Also this year, the Cathay Pacific Sun Hung Kai Financial Hong Kong Squash Open 2012 had the honour of having the International Olympic Committee present to complete an “inspection” to determine if squash will be on the programme for the 2020 Summer Olympics.

“It has been a great week with a lot of tough matches, starting from the first match really. There was no such thing as an easy match in any tournament any more during the whole year – at least for me.

“So again, the most-hard aspect about this tournament was the mental battle about whether to give 100 per cent or not, as the World Open is coming up … And no one wanted to injure themselves before that major event—plus we all wanted to save some energy for it.”

Ashour acknowledged Willstrop’s sportspersonship.

“All I can say about the match today is that I am happy with my performance and I think that James played a good, fair, clean match as always.

“We did put on a good show, which was expected from the World No. 1,” said Ashour.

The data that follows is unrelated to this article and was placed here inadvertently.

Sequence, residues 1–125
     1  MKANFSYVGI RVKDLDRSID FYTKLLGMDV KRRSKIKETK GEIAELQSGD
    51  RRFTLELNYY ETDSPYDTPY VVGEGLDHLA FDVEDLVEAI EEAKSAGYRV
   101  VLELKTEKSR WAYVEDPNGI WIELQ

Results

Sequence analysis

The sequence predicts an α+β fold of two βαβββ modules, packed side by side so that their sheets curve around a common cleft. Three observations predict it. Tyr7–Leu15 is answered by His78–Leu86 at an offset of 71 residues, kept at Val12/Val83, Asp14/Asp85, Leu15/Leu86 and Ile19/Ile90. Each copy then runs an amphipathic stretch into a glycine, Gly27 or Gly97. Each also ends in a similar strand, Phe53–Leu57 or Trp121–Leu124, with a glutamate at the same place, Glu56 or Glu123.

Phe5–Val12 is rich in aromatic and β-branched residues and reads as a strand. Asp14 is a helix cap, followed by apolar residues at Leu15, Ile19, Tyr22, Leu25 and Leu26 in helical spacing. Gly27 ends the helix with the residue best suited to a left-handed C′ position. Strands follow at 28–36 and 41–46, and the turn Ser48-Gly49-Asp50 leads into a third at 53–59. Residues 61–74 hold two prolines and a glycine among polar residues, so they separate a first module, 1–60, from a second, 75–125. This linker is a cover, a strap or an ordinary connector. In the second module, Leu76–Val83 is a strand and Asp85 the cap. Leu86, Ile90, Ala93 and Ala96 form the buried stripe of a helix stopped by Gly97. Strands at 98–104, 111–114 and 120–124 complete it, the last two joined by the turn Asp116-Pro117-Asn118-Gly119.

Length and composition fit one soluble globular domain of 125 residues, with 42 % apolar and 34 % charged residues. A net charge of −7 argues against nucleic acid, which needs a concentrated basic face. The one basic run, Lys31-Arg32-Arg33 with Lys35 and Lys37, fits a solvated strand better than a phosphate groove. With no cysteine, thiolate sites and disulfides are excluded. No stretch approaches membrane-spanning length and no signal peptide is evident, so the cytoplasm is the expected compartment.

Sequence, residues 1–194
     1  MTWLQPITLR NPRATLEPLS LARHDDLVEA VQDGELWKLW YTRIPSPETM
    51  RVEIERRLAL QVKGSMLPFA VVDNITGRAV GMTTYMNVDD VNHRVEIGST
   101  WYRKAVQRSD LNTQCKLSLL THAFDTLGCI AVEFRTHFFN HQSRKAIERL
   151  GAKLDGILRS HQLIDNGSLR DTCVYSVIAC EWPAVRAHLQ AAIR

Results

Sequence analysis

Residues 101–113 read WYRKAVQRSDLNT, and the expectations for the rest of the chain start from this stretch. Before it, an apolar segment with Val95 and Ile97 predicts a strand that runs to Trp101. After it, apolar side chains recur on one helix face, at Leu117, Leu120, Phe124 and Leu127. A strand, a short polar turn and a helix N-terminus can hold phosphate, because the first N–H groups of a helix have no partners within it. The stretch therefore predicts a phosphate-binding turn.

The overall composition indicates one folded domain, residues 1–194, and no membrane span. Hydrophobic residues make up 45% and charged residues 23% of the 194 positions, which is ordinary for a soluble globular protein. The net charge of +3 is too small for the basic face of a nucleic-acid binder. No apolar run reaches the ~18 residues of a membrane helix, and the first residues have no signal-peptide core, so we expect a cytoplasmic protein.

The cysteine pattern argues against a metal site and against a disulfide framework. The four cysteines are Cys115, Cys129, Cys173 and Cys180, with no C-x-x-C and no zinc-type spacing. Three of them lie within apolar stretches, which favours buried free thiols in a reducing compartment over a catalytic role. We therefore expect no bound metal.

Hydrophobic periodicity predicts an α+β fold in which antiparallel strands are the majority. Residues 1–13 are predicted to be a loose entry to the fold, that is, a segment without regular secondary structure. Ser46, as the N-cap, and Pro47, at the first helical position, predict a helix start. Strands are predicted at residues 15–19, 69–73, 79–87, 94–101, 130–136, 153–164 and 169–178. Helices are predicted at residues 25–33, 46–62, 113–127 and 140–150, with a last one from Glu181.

The 25-year-old Egyptian, who reached the World No. 1 ranking in January 2010, aspires to take back the mantle from Willstrop, but knows it won’t be easy.

“James has been very consistent all year; he deserves that number one spot and he is a great ambassador for our sport. He is never easy to beat, but I think that today, things went my way, and that made the difference.

“Hopefully I can be back to the number one spot. I’m training very hard for it and I am looking forward to be back to Hong Kong next year,” concluded Ashour.

The men now move to Doha, Qatar for premier tournament on the men’s professional circuit, the Qatar PSA World Open Championship 2012 starting on Dec 7, where England’s Nick Matthew will be defending his 2011 title as No. 2 seed behind top seed Willstrop.